Chris Rogerson was a musically precocious child, playing church hymns by ear on the piano when he got home from church. His parents got him piano lessons, but they didn't quite go as planned.
It's not that they went badly, but "I was not really playing what was on the page," Rogerson says. "I was just making up my own stuff, so my teacher suggested composition lessons."
Rogerson continued taking piano and later took up the cello. He is now an award-winning composer set to become the sixth composer-in-residence for the Chamber Music Festival of Lexington, if you include Danny Clay as the composer for the festival's July series this year.
The festival's core piano quintet will give the world-premiere performance of Rogerson's Summer Night Music in its concert Saturday night at the Fasig-Tipton sales pavilion. Rogerson will participate in activities through the week, including Sunday's casual concert, which will feature his String Quartet No. 1.
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"Whenever I hear from someone that wants me to write a piece for them, my first reaction is certainly I want to do it," Rogerson says.
Outside of academic posts, composers don't have the promise of steady work that instrumentalists or vocalists might have through performance engagements, ensembles and teaching. It's not necessarily a career with a clear path, particularly because many classical ensembles are content to play the hits of past centuries.
"It's different for every composer," Rogerson says, "as it is for every instrumentalist, though I think they may have a more defined track.
"Composers do different things. I have friends that are doing really well writing for orchestras and traditional kind of venues. I have friends that are doing really well in avant-garde settings, and then there are people that are doing really well in the avant-pop section of the composition world, genre-bending kinds of things."
Rogerson says he has not necessarily pursued any one style of music. His Web site (Chrisrogerson.com) features works for orchestras and instrumental soloists. It's a lot of work, considering the man is only 23.
Then again, one of his defining compositional experiences came when he was 10.
"I wouldn't say this was the culmination of my composing before I went to college," Rogerson says. "But the most thrilling was I went to this festival in England, where we were living while my dad was on sabbatical. For composers, you had to write a piece that would be played by the orchestra at the end. It's insane, but it's a good exercise.
"I had never really tried to write anything seriously before, other than pieces for piano and cello, and here I was trying to write a full orchestra piece. Of course there were a lot of things that weren't so great, but to hear a full orchestra play your music when you're 10 was pretty overwhelming."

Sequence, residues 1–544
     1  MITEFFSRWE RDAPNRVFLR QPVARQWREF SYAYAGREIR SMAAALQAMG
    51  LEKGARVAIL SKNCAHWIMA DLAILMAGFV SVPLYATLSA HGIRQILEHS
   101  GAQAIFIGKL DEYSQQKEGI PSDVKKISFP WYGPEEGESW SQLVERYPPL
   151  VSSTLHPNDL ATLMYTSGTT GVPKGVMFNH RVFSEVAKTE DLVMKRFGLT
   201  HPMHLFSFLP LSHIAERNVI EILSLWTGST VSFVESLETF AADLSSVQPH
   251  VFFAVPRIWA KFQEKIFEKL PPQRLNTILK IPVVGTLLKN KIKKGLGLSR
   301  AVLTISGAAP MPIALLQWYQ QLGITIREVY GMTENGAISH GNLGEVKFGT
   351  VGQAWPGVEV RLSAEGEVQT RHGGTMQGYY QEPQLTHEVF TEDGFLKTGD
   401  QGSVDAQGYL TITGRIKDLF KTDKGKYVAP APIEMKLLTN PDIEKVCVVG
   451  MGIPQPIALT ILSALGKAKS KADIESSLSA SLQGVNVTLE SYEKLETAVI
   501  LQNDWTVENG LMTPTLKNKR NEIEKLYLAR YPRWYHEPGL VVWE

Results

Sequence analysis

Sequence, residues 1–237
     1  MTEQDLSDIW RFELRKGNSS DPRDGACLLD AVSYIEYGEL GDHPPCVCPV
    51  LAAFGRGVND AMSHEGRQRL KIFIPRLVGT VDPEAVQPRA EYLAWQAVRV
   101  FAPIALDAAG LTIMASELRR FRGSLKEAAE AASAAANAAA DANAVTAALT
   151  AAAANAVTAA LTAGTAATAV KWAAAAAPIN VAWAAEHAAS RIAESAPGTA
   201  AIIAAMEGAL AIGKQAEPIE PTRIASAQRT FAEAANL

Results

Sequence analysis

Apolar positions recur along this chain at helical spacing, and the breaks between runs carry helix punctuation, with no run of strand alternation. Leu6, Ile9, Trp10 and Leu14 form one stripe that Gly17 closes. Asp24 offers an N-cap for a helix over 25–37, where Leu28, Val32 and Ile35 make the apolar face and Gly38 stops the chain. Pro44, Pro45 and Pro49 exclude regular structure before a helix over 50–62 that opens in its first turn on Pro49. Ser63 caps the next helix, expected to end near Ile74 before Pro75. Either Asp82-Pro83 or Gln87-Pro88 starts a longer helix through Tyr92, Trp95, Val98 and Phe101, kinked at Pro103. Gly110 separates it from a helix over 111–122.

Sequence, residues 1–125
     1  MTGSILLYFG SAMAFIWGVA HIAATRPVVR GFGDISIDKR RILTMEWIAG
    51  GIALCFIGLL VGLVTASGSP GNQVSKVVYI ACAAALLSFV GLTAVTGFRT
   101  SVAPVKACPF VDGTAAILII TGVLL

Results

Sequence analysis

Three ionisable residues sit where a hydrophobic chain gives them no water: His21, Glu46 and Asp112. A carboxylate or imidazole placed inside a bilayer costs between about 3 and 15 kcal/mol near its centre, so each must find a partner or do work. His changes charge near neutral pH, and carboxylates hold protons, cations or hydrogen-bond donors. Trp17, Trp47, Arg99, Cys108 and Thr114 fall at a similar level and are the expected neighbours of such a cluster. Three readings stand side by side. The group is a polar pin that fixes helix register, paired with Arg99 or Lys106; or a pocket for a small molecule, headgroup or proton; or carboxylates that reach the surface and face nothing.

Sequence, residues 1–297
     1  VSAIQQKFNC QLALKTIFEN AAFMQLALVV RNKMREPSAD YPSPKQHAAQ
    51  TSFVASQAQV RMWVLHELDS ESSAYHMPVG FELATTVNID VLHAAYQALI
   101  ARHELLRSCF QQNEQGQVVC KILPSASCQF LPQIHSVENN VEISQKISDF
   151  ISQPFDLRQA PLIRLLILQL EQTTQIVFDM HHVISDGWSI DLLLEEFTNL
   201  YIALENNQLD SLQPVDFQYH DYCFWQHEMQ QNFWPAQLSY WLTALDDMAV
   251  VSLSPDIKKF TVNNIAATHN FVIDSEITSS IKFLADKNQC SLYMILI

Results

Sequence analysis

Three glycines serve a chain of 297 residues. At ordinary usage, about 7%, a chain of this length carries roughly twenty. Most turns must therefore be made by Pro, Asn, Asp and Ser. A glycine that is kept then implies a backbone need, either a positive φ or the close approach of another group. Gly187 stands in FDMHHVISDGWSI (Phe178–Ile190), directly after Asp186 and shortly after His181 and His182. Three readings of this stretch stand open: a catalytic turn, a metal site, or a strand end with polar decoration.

Rogerson, who lives in Philadelphia, didn't always have orchestras at his disposal, but he had high school ensembles and instrumentalist friends who were happy to play his work. And, of course, he was writing for piano and cello, which he could play himself.
He went to the Curtis Institute of Music in Philadelphia and the Yale School of Music in Connecticut, where he is pursuing a master's degree, and he has studied with successful contemporary composers including Jennifer Higdon, Aaron Jay Kernis and Martin Bresnick.
"I learned different things from all of them," Rogerson says. "They were completely different teachers, all great in their own way. It's really nice to have people you respect and that are at the top of their fields giving you suggestions about your music and career."
Rogerson's career took a turn toward Kentucky when he was contacted by Chamber Festival artistic director Nathan Cole about writing a piece for the event.
"I've never been to Lexington, but I wanted to do something that was appropriate to the setting and the time of year," Rogerson says. "I wanted to write what is hopefully an evocative piece about summer evenings."
The four-movement piece has an inherent challenge.
"At first I said I wanted to write a piece that didn't have anything fast and didn't have anything loud," Rogerson says. "It never has anything earth-shattering. But when you start writing the music, there has to be a dramatic arc to the piece. I like the challenges that brings in terms of how do you maintain interest.
One movement, Fireflies, was adapted from a movement in a Rogerson composition for violin and piano called Once that has been performed in the Kennedy Center for the Performing Arts in Washington and the Philadelphia Museum of Art.
"I'm actually really excited about that movement, because the piano quartet version is going to be great," Rogerson says. "I really liked the opportunity to have more string instruments so it can be fuller and richer and more exciting."
As he continues composing, Rogerson has to hope those adjectives will also describe his career.